Opaquely, the order instructs Commerce and the United States Trade Representative to “assess the impacts of all United States free trade agreements and the World Trade Organization Agreement on Government Procurement on the operation of Buy American laws” with 150 days of the signing of the order. It could be that he plans to use this study to be sure that Buy American laws, and the new Executive Order, comply with the United States’ international obligations.
But it would be more consistent with Trump’s rhetoric to use that assessment to decide whether to renegotiate or terminate U.S. commitments that he believes impair U.S. industry. Although Trump seems to have decided against withdrawing from NAFTA for now, it’s unclear what demands he will make to renegotiate both NAFTA and the WTO Agreements and what might make him change his mind and walk away. “Assessing the impacts” of the country’s free trade agreements on domestic sourcing laws might give him a starting point for crafting his positions in renegotiating.
National Treatment in Government Procurement
The WTO Agreement on Government Procurement also incorporates the National Treatment principle of nondiscrimination, although subject to many exceptions. The interaction between Buy American laws and those articulated exceptions will be studied by DOC and USTR.
Only nineteen WTO members, including the U.S. (and the EU on behalf of all its members), are parties to the Agreement on Government Procurement, a “plurilateral” side agreement to the WTO Agreements. That suggests that renegotiation or withdrawal from that Agreement might be more feasible than tampering with any of the 100-plus member multilateral agreements in the WTO. If Trump is unsatisfied with the results of Commerce and USTR’s study about the impacts of the agreement on Buy American laws and wants to identify the low-hanging fruit of renegotiation in the WTO, this might be a place to start.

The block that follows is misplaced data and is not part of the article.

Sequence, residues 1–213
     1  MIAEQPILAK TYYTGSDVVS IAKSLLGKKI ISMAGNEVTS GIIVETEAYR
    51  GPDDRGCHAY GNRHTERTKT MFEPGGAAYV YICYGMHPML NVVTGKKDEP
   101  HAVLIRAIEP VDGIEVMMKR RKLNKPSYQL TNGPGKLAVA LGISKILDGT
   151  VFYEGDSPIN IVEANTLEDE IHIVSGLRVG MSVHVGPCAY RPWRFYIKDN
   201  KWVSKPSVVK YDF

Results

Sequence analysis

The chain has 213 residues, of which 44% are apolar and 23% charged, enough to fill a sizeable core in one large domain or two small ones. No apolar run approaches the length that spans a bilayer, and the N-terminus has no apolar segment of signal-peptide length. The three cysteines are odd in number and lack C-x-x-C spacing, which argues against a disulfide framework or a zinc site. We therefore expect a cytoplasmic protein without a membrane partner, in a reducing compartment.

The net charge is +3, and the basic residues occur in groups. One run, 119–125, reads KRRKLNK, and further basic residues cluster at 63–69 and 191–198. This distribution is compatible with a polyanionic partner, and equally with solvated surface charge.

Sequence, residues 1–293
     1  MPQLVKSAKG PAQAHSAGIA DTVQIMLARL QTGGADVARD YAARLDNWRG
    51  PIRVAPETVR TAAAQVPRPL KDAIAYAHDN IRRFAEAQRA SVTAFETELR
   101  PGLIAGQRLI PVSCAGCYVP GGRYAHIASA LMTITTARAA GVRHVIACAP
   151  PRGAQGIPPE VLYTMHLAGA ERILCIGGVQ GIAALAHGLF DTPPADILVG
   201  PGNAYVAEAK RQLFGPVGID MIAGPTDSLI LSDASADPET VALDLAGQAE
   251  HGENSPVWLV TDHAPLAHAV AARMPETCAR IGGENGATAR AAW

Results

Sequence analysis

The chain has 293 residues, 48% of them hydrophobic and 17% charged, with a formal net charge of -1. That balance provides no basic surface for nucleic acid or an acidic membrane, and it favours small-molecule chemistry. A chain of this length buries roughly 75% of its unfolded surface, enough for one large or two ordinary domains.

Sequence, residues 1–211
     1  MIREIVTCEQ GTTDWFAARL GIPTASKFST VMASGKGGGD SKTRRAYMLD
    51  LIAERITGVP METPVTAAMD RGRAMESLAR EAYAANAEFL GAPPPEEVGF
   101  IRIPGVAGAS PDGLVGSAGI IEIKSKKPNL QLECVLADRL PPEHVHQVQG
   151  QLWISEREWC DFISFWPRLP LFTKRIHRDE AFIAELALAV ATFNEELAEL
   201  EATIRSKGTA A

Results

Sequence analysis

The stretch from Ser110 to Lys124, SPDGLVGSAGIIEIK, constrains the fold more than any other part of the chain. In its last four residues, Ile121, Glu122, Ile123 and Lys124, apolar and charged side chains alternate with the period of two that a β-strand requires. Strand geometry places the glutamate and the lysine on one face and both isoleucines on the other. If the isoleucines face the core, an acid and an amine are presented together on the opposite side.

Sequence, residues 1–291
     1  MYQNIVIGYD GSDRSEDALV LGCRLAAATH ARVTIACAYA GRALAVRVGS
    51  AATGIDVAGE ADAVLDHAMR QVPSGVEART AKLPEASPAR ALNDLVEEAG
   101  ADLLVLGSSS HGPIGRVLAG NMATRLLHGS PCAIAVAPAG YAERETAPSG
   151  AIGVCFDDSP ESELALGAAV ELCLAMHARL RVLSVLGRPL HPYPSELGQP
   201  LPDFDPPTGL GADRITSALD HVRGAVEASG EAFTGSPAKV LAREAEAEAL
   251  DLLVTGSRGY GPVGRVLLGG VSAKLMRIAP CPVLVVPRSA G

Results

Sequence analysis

If Trump decides to go down the road of minimum domestic requirements for construction and tougher Buy American laws in government procurement, hopefully he will consider the potential effects of those policies. First, other countries may follow the lead of the U.S. and implement Buy National policies of their own, cutting off overseas market for U.S. products and services. The European Union emphasized this risk in its comments on the Commerce notice:
Both the US and the EU have in the past been pursuing a clear policy against localization requirements in third countries, including China, India, and Russia. … These potential measures, which would be harmful to US industry, would also make the international fight against third countries’ local content requirements much more difficult.
Second, requiring private industry like the pipeline construction industry to source domestic products even when prices or quality are not competitive could degrade those firms’ competitiveness and potentially lead to the elimination of American jobs. The Associated General Contractors of America made this point in its comments to Commerce. For example, the Executive Order excludes a certain segment of the steel industry from qualifying as “produced in the United States” because the industry’s raw materials (steel slabs) are not commercially available in the U.S. Currently, the industry’s products are still considered to be products of U.S. origin due to waivers of the Buy American laws. The Executive Order, as currently drafted, eliminates that option and makes U.S. slab converters noncompetitive. The AGC said:
If a key aim of the memorandum is to maximize jobs in the U.S. steel industry, we are concerned that it will more likely have the effect of shuttering many U.S. operations spread around the country and replace some of those operations with a consolidated finished steel industry that will be limited both geographically and by ownership.
There’s been recent evidence that Trump can be persuaded to consider the larger impacts that his policies would have on U.S. industry, beyond their stump-speech value. Last week, news reports indicated that Trump was persuaded by some members of his cabinet, especially Secretary of Agriculture Sonny Perdue, not to withdraw from NAFTA. According to the reports, Perdue showed Trump a map of regions that would be hard hit by loss of NAFTA trade, a map that overlapped substantially with one showing strong voter support for Trump. It is likely that a map of the steel industry would as well. The assessments Trump is commissioning may show that this is another case of what he has learned in his first 100 days: things that sound good on the campaign trail don’t always look so good when the legal details are analyzed.